A little quilt showcase

I thought I would take the opportunity to share with the wider world some of the amazing Charity Quilts that the Portland Modern Quilting Guild has produced this month.  For those of you who follow me, you know that I am a pretty active charity quilter and I organize our guild’s charity sewing.  I am constantly amazed at the generosity and talent of our guild when it comes to our program….

Some Guild members donate orphan blocks that we make up into quilts.  Our wonderful Guild president this year, Elsa, donated the blocks that made this beauty….

green star quilt topElsa donated ten blocks which were sewn into a top by me, and then quilted by Coleen of The Quilted Thistle.  Photos do not do Coleen’s quilting justice, it is beautiful.

quilting detailOh and did I mention the little hedgehog?

star detailI used the tenth donated block in the back of the quilt…

back of green yellow star quiltOther guild members donate fully completed quilt tops to us… Sam Hunter of Hunter Design Studio donated the top and back for this beautiful quilt….

sams quiltand another guild member Gail Weiss free motioned quilted all over it, to great effect…

sam's quilt detailOne or two of the quilts we donate each month start life at our Charity Sew Day, which are held at our local quilt store Modern Domestic.  Once a month we invade MD’s class room space and whip up blocks which in turn are made into quilts…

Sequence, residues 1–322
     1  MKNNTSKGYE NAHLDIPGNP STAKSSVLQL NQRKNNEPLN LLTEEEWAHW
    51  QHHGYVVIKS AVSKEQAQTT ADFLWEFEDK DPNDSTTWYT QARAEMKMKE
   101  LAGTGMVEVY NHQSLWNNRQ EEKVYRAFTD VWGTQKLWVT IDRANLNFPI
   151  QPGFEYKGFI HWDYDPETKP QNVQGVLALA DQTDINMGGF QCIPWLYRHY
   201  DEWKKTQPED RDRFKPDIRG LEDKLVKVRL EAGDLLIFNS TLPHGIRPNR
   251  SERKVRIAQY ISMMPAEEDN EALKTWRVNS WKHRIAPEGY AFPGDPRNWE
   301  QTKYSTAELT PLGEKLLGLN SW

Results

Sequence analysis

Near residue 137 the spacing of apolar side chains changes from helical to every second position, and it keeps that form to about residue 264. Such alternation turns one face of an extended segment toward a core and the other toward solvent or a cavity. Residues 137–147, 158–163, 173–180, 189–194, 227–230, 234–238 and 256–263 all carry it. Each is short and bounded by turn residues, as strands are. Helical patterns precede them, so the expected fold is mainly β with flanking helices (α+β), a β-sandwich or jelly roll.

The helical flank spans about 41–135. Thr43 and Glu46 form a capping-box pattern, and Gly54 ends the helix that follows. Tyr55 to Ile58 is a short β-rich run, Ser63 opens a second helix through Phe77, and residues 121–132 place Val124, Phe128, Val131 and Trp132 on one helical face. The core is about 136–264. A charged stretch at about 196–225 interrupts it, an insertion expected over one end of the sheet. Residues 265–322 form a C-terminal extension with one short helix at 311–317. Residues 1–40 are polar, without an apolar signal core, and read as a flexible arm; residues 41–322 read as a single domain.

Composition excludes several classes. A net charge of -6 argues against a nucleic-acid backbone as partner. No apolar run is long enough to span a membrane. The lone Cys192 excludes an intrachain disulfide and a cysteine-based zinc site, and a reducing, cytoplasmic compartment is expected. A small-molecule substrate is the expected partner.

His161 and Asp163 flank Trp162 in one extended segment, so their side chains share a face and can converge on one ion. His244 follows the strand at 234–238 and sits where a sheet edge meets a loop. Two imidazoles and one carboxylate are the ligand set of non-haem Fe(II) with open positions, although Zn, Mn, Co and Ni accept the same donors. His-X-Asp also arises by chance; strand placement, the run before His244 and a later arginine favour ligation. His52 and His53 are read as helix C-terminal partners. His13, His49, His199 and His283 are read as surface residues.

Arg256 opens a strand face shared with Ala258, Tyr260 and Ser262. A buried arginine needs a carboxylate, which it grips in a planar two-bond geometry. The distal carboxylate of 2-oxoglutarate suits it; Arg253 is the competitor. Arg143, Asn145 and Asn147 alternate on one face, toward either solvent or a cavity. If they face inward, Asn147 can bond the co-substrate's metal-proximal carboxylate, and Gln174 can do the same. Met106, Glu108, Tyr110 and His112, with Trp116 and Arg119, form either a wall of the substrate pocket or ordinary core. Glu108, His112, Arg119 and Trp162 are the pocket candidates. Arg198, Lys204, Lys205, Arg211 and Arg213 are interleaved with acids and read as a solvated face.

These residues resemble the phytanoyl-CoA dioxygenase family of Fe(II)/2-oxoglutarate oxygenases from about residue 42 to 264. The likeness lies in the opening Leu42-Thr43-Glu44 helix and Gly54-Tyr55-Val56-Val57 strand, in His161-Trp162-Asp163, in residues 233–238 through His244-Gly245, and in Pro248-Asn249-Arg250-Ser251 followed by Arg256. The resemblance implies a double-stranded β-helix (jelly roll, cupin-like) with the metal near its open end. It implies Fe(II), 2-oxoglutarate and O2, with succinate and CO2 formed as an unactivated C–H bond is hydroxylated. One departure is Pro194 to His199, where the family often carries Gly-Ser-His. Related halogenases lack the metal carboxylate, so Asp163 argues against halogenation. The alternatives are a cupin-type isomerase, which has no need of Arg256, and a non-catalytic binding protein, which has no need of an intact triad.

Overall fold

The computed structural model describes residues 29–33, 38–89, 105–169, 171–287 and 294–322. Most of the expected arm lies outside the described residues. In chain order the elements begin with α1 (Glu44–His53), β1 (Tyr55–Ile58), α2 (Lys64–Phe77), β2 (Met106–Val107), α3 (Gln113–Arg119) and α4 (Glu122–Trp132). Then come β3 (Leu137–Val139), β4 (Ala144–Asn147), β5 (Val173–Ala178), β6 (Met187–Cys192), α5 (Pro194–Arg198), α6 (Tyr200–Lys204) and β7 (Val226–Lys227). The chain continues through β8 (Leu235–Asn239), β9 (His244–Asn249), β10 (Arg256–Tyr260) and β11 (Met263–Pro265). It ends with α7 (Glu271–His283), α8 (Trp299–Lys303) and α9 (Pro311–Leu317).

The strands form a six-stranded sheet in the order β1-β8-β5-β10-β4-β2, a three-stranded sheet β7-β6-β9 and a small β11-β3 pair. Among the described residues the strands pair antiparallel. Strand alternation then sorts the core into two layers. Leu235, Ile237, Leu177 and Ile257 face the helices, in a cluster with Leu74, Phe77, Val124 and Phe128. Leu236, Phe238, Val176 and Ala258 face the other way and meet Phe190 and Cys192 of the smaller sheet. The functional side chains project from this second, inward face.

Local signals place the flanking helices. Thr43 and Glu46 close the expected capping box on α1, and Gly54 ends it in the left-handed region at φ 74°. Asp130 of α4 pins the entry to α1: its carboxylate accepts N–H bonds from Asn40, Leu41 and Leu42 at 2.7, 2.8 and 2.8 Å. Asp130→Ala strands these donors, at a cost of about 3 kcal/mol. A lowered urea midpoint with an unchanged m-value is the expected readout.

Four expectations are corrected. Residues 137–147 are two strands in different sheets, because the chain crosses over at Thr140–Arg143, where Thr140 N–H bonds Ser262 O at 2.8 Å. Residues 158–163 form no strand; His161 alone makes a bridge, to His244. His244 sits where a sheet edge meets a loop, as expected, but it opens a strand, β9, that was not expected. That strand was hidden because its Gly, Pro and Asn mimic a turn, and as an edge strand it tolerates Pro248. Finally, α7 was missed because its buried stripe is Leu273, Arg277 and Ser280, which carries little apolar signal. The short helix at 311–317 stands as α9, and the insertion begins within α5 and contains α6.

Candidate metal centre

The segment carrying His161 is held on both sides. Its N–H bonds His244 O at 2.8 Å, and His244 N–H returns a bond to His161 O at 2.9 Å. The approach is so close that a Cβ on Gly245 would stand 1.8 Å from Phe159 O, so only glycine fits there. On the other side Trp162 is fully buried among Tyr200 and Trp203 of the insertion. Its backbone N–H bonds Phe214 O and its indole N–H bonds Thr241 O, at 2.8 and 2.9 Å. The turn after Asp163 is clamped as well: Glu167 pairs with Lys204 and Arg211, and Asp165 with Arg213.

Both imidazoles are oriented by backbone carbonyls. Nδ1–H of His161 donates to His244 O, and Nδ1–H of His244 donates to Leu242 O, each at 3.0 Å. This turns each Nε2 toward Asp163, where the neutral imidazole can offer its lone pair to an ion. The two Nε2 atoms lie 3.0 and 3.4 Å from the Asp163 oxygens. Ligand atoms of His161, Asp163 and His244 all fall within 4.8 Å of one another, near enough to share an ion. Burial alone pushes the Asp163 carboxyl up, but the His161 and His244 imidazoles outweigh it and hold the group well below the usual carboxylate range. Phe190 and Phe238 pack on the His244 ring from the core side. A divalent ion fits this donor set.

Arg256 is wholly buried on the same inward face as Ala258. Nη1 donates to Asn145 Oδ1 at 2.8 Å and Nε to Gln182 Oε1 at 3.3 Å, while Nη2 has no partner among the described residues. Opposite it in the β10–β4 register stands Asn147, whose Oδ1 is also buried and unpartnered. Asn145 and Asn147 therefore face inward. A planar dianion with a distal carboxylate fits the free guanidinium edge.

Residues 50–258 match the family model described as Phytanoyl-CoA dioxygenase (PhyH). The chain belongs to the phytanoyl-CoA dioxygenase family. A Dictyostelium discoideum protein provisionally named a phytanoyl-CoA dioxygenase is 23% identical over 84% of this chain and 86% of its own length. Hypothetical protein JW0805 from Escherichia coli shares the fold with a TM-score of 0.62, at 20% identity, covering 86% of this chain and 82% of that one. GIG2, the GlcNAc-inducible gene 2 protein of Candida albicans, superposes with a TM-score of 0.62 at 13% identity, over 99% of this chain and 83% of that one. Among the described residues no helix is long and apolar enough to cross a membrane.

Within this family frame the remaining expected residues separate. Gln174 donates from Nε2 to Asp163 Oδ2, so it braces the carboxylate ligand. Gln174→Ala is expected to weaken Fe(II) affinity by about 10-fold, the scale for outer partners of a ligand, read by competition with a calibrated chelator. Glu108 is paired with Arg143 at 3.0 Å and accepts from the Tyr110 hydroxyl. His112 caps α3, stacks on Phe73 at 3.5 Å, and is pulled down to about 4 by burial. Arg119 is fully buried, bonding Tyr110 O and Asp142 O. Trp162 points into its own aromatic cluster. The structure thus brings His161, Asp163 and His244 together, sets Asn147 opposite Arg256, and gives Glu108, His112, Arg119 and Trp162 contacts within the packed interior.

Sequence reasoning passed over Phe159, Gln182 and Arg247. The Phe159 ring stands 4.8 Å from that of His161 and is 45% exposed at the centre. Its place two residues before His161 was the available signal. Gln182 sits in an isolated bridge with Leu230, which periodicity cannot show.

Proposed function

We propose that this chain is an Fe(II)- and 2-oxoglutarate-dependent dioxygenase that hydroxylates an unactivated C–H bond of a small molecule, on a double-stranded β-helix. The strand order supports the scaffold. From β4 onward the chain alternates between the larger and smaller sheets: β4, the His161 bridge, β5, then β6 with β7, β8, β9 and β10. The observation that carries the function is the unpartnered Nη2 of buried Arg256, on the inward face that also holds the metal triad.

rainbow improv quiltI love this improv rainbow quilt top.  All the blocks were made at the Charity Sew Day in January by guild members including Mary Ann, Kim, Debbie, Dawn, Michelle, and Elsa.    The top was then quilted by the fabulous Dawn Graf-Thiessen, another one of the Guild’s talented long armers.

rainbow improv detail

The fabric for these blocks is from scraps that were also donated to the Charity Sew program.  When I receive a donation of scraps I sort them into colours (each colour has its own shoe box).  What is left over is put into a catch-all box of multi coloured scraps…

improv quilt..and some of those scraps were used to make blocks for this bright improv quilt.  In November last year I asked Guild members to make a 12 inch square bright improv block, if they wanted, which would then be used in a Charity quilt.  This top was the end result…